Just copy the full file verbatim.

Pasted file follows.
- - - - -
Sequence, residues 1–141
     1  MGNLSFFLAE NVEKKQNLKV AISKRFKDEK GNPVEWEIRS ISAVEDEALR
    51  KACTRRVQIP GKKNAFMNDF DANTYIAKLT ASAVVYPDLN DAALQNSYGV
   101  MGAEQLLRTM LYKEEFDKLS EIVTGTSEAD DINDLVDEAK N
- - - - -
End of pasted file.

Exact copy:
Sequence, residues 1–141
     1  MGNLSFFLAE NVEKKQNLKV AISKRFKDEK GNPVEWEIRS ISAVEDEALR
    51  KACTRRVQIP GKKNAFMNDF DANTYIAKLT ASAVVYPDLN DAALQNSYGV
   101  MGAEQLLRTM LYKEEFDKLS EIVTGTSEAD DINDLVDEAK N